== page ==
A COMPARISON OF AMERICAN AND DUTCH IMMIGRATION AND INTEGRATION EXPERIENCES

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1 WORKING DOCUMENTS W 120 A COMPARISON OF AMERICAN AND DUTCH IMMIGRATION AND INTEGRATION EXPERIENCES WHAT LESSONS CAN BE LEARNED? Mirjam van het Loo, Stephan De Spiegeleire, Gustav Lindstrom, James P. Kahan, Georges Vernez The Hague, May 2001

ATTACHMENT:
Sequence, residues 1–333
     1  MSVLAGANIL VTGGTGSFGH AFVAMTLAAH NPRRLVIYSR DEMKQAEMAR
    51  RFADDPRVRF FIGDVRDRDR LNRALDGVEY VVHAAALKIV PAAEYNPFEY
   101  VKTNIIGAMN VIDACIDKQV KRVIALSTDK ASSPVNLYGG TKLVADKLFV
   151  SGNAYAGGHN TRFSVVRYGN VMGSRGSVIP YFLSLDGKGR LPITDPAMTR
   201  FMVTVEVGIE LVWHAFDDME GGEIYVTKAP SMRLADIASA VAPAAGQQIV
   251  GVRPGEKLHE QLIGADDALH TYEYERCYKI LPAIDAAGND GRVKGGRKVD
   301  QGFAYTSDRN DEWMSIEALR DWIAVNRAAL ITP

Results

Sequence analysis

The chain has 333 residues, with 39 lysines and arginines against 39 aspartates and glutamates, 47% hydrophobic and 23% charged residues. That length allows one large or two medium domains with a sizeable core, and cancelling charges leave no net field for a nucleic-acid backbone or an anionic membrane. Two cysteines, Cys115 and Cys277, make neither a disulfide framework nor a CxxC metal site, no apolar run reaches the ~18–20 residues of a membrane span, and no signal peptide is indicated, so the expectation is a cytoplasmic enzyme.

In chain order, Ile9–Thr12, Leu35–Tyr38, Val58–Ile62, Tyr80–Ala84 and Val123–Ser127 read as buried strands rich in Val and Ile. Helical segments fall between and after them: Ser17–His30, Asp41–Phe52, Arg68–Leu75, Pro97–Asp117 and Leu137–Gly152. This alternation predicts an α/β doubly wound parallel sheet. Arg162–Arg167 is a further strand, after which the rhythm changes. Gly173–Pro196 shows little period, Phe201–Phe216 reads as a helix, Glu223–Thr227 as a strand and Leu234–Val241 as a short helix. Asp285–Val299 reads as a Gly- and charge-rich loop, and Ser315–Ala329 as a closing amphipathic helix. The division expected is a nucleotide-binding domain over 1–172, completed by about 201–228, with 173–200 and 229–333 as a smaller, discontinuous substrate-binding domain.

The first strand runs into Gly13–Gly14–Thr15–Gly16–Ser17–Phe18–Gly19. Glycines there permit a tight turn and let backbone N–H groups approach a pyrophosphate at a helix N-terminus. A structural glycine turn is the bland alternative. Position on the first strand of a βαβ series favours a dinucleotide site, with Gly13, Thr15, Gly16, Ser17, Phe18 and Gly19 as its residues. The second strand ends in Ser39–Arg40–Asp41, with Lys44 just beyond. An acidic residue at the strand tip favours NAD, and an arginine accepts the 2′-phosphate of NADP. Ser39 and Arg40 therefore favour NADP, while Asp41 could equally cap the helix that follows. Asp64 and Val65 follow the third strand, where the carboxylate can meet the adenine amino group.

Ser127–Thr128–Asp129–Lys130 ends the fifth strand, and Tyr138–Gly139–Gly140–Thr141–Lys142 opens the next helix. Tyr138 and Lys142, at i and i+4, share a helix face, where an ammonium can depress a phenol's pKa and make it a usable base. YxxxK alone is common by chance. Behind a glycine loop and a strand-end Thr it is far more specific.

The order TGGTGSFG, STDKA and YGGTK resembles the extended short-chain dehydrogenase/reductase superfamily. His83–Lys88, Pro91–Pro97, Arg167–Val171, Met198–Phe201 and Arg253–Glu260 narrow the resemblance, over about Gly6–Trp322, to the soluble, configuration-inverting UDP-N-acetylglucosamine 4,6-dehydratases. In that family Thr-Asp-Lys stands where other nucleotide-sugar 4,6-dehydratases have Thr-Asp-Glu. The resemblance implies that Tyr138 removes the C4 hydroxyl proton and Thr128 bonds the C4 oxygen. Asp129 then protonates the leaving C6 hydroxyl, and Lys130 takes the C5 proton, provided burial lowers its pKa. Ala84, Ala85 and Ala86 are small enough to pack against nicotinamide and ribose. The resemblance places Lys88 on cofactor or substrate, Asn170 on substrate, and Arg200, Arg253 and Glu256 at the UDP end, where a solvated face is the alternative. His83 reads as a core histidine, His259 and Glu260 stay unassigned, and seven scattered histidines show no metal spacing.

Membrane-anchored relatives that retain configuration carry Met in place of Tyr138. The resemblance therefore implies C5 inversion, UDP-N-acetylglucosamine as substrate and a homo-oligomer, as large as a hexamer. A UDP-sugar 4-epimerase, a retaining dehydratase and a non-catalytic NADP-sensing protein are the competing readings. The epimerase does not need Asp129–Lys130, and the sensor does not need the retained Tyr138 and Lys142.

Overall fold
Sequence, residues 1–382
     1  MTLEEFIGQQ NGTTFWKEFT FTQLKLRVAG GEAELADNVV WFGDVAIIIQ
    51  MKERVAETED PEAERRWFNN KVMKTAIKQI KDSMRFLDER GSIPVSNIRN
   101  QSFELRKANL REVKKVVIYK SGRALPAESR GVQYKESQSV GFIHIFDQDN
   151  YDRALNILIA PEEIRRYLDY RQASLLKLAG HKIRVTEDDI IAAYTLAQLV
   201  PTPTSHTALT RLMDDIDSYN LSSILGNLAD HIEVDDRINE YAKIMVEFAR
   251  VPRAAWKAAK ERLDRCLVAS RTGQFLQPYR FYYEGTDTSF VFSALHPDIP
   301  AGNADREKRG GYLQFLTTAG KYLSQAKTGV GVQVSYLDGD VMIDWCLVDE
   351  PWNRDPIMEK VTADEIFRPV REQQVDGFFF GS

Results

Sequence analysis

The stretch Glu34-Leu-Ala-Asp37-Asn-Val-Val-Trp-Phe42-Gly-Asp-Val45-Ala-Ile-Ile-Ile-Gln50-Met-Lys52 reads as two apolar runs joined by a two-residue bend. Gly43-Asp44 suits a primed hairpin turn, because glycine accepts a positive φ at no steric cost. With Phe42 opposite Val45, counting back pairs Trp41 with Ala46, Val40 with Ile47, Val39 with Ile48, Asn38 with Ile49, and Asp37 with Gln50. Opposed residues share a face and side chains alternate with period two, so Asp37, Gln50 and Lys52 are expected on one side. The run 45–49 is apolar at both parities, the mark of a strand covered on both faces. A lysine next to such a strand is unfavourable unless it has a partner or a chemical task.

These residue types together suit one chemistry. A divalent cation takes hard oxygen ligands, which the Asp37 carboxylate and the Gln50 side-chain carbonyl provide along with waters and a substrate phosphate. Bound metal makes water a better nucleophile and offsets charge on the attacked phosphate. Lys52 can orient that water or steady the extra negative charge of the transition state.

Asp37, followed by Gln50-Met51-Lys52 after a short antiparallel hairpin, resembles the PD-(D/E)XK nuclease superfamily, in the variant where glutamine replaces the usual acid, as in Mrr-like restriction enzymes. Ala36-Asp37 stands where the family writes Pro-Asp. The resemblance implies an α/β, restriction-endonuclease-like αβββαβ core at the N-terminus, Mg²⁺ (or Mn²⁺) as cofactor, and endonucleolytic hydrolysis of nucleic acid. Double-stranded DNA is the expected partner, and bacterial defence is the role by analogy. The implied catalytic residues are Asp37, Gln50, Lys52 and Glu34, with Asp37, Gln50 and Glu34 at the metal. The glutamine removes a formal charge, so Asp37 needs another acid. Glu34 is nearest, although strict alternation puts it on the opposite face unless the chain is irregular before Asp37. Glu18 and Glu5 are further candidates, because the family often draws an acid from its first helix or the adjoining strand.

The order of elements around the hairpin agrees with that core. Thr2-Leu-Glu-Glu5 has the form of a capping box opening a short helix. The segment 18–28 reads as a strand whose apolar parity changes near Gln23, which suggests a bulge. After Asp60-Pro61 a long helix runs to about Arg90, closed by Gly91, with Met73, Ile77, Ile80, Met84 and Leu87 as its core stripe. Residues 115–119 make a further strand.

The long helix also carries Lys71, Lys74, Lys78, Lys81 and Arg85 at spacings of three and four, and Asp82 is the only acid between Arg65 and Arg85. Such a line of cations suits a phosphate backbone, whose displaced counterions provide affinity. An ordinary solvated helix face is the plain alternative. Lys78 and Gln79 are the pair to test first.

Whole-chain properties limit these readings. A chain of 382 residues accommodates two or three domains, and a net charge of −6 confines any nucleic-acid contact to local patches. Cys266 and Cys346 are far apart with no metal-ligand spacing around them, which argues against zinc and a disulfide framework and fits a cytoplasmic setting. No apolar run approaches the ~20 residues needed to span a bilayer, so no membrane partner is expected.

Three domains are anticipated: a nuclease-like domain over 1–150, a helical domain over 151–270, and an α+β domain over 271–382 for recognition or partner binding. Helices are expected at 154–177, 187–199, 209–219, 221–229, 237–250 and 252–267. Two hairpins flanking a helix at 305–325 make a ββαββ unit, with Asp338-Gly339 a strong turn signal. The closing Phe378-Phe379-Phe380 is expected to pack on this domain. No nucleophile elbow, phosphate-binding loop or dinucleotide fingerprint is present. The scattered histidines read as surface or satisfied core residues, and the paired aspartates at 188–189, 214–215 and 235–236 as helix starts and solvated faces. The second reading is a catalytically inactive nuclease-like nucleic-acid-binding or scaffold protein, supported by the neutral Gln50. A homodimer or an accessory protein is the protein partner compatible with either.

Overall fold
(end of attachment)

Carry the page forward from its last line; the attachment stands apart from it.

2 A COMPARISON OF AMERICAN AND DUTCH IMMIGRATION AND INTEGRTION EXPERIENCES THE MULTICULTURAL SOCIETY SERIES Published titles J.D.J. Waardenburg, Institutionele vormgevingen van de islam in Nederland, gezien in Europees perspectief, WRR Werkdocumenten nr. W118, Den Haag. Ingrid Esveldt en Jeroen Traudes, Kijk op en contacten met buitenlanders. Immigratie, integratie en interactie, WRR Werkdocumenten nr. W119, Den Haag. Mirjam van het Loo, Stephan de Spiegleire, Gustav Lindstrom, James P. Kahan en Georges Vernez, A Comparison of American and Dutch Immigration and Integration Experiences. What Lessons can be Learned?, WRR Werkdocumenten nr. W120, Den Haag. 2 Forthcoming J. Dagevos, Perspectief op integratie. Over de sociaal-culturele en structurele integratie van etnische minderheden in Nederland, WRR Werkdocumenten nr. W121, Den Haag. Ruben Gowricharn, In- en uitsluiting in Nederland. Een overzicht van empirische bevindingen, WRR Werkdocumenten nr. W122, Den Haag. Helga A.G. de Valk, Ingrid Esveldt, Kène Henkens en Aart C. Liefbroer, Allochtonen in Nederland. Een demografisch profiel, WRR Werkdocumenten nr. W123, Den Haag. S. Verhallen et al., Nieuwe kansen voor taalonderwijs aan anderstaligen, WRR Werkdocumenten nr. W124, Den Haag. Dennis Broeders, Immigratie- en integratieregimes in vier Europese landen, WRR Werkdocumenten nr. W125, Den Haag ISBN X